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Computing Thoughts
Ruby and Scala
by Bruce Eckel
September 8, 2006
I've decided to just bite the bullet, get the pickaxe book, and slowly work through it during morning coffee breaks at Camp4 Coffee (a venerated Crested Butte establishment that is one of the centers of social discourse -- those of you who have come here for workshops know of which I speak).


(Camp4 seems to be the only place where I can actually get through technical books). One of the big reasons for my renewed interest in Ruby (besides the features it has that seem to make it a bit easier to create domain-specific languages) is because of Matz's decision to remove the Perlisms in Ruby. Any language (Python is the only other one I know of) that's willing to REMOVE warts (Java just seems to keep adding warts on existing warts) immediately becomes much more interesting in my perception. I also think that I may learn some concepts in Ruby that I can apply in Python even if I don't end up using Ruby. For example, I'm interested in the differences in Ruby continuations vs. the coroutines supported by Python 2.5's modified yield statement, and in understanding why Guido decided that full continuations were problematic.

Yesterday I spent about 1/2 hour looking at the Scala programming language with Bill Venners (who recently wrote a weblog entry on Artima about how the joy had gone out of Java programming for him -- a big admission from such a dedicated Java programmer). This is specifically designed to work on top of the JVM, but with much higher-level concepts and more succinct coding (type inference, for example). The most interesting thing to me about Scala is the built-in support for agent-based programming (although the last time I looked, that part of the tutorial hadn't been written yet). But other parts of the language, in particular its support for functional programming, is also quite interesting. Bill especially liked the idea that he could use standard Java components (or pay for standard Java programmers to build such components), but consume them with a more productive language like Scala, which still has static type checking and so fit his needs better.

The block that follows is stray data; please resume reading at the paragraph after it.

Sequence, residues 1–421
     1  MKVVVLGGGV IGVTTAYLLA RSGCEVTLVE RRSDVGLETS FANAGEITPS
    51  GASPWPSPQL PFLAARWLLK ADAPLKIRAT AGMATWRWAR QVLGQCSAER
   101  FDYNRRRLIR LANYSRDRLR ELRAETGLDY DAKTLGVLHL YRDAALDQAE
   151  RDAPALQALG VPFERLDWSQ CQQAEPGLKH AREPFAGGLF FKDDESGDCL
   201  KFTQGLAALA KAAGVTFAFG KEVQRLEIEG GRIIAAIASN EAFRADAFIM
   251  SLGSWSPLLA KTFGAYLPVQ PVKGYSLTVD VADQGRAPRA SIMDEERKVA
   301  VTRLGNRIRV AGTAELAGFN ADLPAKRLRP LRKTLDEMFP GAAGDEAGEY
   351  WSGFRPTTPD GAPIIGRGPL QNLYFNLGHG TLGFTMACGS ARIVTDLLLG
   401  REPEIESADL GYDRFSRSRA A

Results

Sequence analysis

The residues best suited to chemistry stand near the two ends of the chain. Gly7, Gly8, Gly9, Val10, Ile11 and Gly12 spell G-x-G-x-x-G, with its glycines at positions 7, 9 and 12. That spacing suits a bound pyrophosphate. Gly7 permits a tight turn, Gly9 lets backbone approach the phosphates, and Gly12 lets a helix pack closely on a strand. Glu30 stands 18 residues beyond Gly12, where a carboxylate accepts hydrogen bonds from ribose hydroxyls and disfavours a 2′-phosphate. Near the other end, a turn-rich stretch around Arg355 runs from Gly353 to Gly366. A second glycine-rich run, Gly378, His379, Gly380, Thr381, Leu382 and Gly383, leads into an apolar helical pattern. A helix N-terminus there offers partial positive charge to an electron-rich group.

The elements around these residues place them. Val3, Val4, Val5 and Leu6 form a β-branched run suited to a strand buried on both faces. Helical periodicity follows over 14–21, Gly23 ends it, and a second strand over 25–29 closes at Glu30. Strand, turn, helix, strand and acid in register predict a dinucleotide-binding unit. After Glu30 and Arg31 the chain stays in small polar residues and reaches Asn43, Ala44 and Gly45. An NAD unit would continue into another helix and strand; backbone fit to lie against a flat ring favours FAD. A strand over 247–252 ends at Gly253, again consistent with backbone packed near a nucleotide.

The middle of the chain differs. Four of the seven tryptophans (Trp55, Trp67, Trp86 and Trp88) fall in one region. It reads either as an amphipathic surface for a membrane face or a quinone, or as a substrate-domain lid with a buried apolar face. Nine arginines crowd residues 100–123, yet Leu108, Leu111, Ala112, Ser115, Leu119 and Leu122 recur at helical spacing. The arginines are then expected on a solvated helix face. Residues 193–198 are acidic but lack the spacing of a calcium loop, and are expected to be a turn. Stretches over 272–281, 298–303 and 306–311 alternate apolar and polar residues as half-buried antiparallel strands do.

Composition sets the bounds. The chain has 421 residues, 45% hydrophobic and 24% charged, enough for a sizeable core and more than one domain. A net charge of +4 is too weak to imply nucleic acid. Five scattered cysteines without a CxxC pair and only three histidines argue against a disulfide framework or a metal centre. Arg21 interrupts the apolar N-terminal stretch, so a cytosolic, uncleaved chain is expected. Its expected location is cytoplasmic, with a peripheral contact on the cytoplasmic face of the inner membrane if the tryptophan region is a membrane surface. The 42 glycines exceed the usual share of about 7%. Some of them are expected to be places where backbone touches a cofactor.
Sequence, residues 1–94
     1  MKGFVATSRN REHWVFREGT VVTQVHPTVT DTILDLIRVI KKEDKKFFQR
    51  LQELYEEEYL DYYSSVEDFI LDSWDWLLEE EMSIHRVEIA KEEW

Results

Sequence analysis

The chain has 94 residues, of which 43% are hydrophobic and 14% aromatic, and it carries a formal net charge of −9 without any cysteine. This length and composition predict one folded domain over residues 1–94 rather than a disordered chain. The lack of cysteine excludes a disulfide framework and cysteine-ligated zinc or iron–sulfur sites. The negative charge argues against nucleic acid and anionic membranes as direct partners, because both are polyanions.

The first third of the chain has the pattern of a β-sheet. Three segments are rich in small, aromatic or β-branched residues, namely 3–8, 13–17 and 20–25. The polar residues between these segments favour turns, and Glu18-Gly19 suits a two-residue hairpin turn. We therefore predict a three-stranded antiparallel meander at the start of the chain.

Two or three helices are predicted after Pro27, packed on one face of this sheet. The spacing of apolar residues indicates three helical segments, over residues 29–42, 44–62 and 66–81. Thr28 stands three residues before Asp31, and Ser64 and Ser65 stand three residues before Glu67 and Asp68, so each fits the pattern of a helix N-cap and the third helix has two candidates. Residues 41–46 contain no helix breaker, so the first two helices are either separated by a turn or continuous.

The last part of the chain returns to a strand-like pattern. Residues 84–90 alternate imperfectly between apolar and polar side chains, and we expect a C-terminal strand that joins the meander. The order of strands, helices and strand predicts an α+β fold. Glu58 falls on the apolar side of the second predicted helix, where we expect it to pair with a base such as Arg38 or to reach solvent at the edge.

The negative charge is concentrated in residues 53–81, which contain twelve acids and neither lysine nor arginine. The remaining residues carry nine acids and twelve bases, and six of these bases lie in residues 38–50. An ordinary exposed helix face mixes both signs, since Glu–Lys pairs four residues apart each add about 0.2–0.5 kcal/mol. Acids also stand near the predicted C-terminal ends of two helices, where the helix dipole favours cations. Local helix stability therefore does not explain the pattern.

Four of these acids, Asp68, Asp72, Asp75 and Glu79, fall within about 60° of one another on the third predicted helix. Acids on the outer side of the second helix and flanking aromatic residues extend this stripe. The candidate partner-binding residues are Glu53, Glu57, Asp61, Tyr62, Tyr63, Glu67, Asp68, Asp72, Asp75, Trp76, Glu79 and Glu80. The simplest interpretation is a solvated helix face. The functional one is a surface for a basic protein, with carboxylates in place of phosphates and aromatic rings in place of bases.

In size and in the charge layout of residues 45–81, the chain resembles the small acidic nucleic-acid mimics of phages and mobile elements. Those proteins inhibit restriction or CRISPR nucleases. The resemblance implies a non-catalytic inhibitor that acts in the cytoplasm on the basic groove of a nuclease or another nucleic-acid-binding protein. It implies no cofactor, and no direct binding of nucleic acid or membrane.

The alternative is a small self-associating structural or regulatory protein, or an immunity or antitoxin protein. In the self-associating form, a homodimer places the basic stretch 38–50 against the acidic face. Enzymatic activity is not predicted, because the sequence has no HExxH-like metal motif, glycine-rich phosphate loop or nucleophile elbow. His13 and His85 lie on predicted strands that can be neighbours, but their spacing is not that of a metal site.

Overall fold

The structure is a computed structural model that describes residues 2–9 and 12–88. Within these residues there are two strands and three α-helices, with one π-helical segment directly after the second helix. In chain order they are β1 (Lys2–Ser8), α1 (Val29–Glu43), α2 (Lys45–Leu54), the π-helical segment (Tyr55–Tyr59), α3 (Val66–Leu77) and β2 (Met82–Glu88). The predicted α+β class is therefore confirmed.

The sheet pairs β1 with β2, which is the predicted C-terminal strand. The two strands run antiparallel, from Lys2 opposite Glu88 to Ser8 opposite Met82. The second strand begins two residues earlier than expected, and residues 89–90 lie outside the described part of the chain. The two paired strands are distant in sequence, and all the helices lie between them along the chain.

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About the Blogger

Bruce Eckel ( provides development assistance in Python with user interfaces in Flex. He is the author of Thinking in Java (Prentice-Hall, 1998, 2nd Edition, 2000, 3rd Edition, 2003, 4th Edition, 2005), the Hands-On Java Seminar CD ROM (available on the Web site), Thinking in C++ (PH 1995; 2nd edition 2000, Volume 2 with Chuck Allison, 2003), C++ Inside & Out (Osborne/McGraw-Hill 1993), among others. He's given hundreds of presentations throughout the world, published over 150 articles in numerous magazines, was a founding member of the ANSI/ISO C++ committee and speaks regularly at conferences.

This weblog entry is Copyright © 2006 Bruce Eckel. All rights reserved.

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